Dreams of Trees

I always sit up and take notice when someone tells me a dream about a tree. Many years ago I became aware that tree dreams seemed to have some special significance; they stood out somehow. So often they had that mysterious, numinous quality of ‘big dreams’. The tree (or trees) in the dream weren’t just part of the background props and the setting, they seemed to carry some particular meaning in their own right. The tree was not only a key part of the dream story but seemed also to set the feeling tone. I stayed on the lookout for tree dreams, noticing and wondering.

Back in the 1980’s, when I was exploring the world of primal therapy, I participated in several workshops with an Australian therapist named Graham Farrant. He was convinced that our pre and perinatal experience is profoundly formative of the way we come to experience the world. He once said that he would ask all his prospective clients to draw, without telling them why, a picture of a tree. He believed that the qualities depicted in this tree drawing were surprisingly correlated to the intrauterine experience of that person, specifically to the status and health of the placenta, umbilical cord, and maternal-fetal blood circulation. If the tree was full and healthy, this suggested that the womb experience was a good one. If the tree was thin, weak, discolored, or bare, or if there was some damage to the trunk, roots, or canopy of the tree, he would suspect a corresponding issue in the client’s intrauterine life.

I began my career as a naturopath soon after this, and I would always invite my clients to share their dream life with me. Over the years I began to accumulate many reports of tree dreams.  Graham’s womb-tree connection was there in the back of my mind, like a young sapling waving in the breeze. I tried not to be too influenced by it, but I was starting to notice a correlation of my own– dreams that prominently featured a tree (or trees) seemed to be suffused with a feeling tone that correlated to that individual’s general feeling experience of the world. If there was a background feeling of scarcity and insecurity in a person’s tree dream, I often observed a similar feeling tone coloring much of their waking life. A feeling of abundance and ease in a tree dream could also be seen generally in that dreamer’s emotional life.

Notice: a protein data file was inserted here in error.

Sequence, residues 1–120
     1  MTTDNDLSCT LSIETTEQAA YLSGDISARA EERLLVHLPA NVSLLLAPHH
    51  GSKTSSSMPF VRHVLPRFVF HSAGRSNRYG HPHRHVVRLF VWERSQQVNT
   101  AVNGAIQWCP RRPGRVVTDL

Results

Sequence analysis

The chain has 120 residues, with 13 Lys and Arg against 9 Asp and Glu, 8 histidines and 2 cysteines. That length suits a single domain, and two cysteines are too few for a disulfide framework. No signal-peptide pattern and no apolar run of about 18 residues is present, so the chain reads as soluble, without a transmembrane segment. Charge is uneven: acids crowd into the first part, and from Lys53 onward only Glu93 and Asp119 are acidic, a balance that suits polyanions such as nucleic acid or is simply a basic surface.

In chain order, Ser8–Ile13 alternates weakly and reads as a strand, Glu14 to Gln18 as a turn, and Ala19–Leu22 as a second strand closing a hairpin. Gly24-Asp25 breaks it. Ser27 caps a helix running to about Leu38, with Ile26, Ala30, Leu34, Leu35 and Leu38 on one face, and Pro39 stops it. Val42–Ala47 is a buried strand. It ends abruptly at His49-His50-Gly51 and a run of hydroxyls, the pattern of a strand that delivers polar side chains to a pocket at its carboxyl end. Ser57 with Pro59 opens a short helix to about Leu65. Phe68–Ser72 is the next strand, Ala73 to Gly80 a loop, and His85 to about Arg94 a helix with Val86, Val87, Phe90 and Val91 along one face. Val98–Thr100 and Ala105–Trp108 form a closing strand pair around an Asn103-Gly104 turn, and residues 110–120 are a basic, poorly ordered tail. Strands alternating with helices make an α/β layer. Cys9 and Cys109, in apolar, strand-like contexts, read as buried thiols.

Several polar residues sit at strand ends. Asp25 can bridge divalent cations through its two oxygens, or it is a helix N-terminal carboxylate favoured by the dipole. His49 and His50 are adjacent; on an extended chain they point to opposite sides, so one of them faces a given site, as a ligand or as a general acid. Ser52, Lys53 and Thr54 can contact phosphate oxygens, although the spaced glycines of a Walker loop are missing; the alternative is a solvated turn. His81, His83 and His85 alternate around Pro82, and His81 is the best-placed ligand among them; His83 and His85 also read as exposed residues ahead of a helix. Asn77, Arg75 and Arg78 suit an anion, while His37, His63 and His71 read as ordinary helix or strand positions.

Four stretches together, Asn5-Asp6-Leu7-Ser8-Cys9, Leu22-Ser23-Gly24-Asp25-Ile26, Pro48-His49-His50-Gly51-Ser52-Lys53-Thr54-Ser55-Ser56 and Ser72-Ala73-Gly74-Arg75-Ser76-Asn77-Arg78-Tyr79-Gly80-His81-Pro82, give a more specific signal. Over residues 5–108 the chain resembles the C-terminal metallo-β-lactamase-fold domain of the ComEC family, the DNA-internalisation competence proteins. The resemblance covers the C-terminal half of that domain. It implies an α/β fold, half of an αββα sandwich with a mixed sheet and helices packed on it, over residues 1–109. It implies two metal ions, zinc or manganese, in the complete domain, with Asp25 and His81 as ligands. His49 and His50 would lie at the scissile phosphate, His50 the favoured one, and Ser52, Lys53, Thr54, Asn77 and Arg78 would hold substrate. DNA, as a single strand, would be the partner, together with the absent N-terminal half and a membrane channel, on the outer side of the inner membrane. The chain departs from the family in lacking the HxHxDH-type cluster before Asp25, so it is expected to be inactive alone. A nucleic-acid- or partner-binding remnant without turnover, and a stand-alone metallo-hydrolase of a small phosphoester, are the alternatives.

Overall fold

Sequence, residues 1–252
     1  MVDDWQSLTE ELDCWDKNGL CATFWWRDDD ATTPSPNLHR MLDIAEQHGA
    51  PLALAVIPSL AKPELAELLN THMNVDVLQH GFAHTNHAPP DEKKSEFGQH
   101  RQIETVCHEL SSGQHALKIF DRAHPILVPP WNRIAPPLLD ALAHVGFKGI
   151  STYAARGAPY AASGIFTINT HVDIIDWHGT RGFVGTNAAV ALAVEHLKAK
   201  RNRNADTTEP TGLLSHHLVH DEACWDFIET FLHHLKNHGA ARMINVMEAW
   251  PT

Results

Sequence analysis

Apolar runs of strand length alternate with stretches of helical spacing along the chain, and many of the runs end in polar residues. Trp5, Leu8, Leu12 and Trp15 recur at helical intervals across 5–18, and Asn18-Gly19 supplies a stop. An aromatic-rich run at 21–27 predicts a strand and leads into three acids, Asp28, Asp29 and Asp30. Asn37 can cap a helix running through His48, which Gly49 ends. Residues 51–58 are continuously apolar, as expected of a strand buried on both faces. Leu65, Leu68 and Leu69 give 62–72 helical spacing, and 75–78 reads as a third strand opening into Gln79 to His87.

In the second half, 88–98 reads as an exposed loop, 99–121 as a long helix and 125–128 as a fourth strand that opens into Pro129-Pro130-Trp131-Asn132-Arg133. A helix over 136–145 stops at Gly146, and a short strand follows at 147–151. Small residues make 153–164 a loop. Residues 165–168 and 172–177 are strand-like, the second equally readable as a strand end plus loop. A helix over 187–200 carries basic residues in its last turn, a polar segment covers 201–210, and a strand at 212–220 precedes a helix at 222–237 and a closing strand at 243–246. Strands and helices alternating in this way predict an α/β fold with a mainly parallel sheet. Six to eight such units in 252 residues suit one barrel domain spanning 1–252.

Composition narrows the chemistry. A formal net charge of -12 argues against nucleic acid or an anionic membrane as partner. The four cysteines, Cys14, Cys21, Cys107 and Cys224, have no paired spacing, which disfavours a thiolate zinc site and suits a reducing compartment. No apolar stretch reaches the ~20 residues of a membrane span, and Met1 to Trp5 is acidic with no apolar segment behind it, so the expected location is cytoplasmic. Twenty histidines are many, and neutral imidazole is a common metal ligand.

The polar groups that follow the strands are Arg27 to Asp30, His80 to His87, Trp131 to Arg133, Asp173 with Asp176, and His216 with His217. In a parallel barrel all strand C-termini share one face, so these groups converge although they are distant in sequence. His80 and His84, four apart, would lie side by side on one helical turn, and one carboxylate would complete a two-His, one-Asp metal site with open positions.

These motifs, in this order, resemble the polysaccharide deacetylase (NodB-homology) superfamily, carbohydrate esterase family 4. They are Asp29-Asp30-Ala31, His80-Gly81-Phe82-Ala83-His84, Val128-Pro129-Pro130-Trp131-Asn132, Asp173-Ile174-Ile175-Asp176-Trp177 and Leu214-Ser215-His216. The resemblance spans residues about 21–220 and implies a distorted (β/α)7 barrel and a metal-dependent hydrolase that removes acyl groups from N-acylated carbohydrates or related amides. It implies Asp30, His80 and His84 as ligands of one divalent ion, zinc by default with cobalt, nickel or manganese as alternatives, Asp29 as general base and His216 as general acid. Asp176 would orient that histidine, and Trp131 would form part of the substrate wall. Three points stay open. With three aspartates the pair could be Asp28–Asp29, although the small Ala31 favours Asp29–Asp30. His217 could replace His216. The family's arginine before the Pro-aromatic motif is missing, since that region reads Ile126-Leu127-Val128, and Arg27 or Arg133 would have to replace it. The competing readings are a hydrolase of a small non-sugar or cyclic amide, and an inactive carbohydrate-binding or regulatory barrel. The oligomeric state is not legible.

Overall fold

The placenta and umbilical cord bear a remarkable visual resemblance to a tree (as you can see the photograph accompanying this blog post, which I have borrowed from another blog post entitled Placenta–the Tree of Life  (click here to read this post) And the resemblances are not just physical, they are also functional. The tree is rooted into mother earth as the placenta is rooted into the mother’s womb, from which both draw vital nutrients and building blocks of life. The life-giving fluids travel along the umbilical cord and fan out into the circulatory system of the fetus, as the sap rises in the trunk of a tree and from there is distributed into every branch, twig, bud and flower. To me it is not so far-fetched to imagine that humanity noticed these resemblances long ago and came to recognize the tree as a symbol relating to issues of life, growth, nourishment, and support.

Meanwhile, on the collective level, it seems that we humans are finally starting to realize how vitally important trees are for our lives, our air, and the well-being of our home planet. As the “lungs of the earth” were burning in the Amazon recently some of us were feeling a sense of urgency and dread. We are starting to experience this looming suffocative crisis not just as an idea or a theoretical concern, but as an embodied feeling of threat and deep insecurity.

In the mythology of many (perhaps all?) human societies there exists a very special tree– the World Tree or Tree of Life that lives and grows at the very center of the cosmos– generating, housing, and feeding all the abundant life around it. The life-supporting generosity of trees is truly amazing. Trees seem to be as generous as we humans are selfish and greedy. Here’s a passage from The Overstory, Richard Powers’ wonderful novel about trees and people: “Buddha’s words: A tree is a wondrous thing that shelters, feeds, and protects all living things. It even offers shade to the axmen who destroy it.”

The womb tree, the world tree, the tree of life, the lungs of the earth…not surprising that trees should appear in many powerful dreams. Tree dreams seem to have an existential quality, not so much about the meaning of our existence on earth, but about what it feels like for us to exist on this earth. Do I feel safe and secure in the world? Or is my world hostile and harsh? Do I feel nourished and supported? Do I trust my environment and the people in it? Do I feel at home? Do I belong here? I believe that many of these core feelings, feelings which we live with every day and which color our thoughts, actions and choices; these core feelings have been with us from our earliest beginnings– they first appeared and coalesced while we grew inside the wombs of our mothers. A tree dream can give us information about these very first feelings of being alive in the world and how they may still be shaping our lives.

I will be talking about tree dreams at our upcoming Toronto Dreamers gathering on Wed Nov 20th. Click here to get more information, and to register. Why don’t you pull out your dream journal and take a look through it—have you had any tree dreams? If so, please bring them along and share them. I think the trees of the world are trying to reach out and communicate with us, and a lot of this communication is coming via our dreams. Let’s gather and listen and share our tree thoughts and conversations with each other.

Christopher Sowton

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